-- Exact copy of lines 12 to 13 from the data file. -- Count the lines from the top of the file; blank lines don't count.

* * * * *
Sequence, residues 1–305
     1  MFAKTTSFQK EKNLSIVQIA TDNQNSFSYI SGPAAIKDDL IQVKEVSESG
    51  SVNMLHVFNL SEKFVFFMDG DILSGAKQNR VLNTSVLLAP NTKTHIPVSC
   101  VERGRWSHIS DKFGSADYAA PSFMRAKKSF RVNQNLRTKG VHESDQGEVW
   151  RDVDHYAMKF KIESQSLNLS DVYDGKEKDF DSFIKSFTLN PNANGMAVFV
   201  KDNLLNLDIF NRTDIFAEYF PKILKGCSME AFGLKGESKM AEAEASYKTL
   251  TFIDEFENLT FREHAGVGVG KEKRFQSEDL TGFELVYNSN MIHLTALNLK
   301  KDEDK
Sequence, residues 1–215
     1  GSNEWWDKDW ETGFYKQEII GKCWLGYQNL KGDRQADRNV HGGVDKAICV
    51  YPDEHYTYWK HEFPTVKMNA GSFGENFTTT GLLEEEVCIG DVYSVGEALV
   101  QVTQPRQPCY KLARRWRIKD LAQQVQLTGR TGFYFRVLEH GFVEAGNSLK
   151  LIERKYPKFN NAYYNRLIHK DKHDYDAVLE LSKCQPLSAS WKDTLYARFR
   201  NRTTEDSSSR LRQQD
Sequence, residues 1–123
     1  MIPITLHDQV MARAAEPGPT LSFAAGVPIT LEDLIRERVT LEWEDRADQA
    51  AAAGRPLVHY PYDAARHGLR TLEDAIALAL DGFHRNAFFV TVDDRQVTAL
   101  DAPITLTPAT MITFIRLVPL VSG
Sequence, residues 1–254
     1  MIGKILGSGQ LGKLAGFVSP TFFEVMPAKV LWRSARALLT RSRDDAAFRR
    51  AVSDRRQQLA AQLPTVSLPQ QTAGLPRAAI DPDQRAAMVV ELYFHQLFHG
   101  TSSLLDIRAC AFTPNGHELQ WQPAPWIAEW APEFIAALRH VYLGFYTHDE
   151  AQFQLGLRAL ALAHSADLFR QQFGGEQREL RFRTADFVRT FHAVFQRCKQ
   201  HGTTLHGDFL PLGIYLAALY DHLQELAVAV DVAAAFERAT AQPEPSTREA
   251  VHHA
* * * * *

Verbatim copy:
   101  QVTQPRQPCY KLARRWRIKD LAQQVQLTGR TGFYFRVLEH GFVEAGNSLK
   151  LIERKYPKFN NAYYNRLIHK DKHDYDAVLE LSKCQPLSAS WKDTLYARFR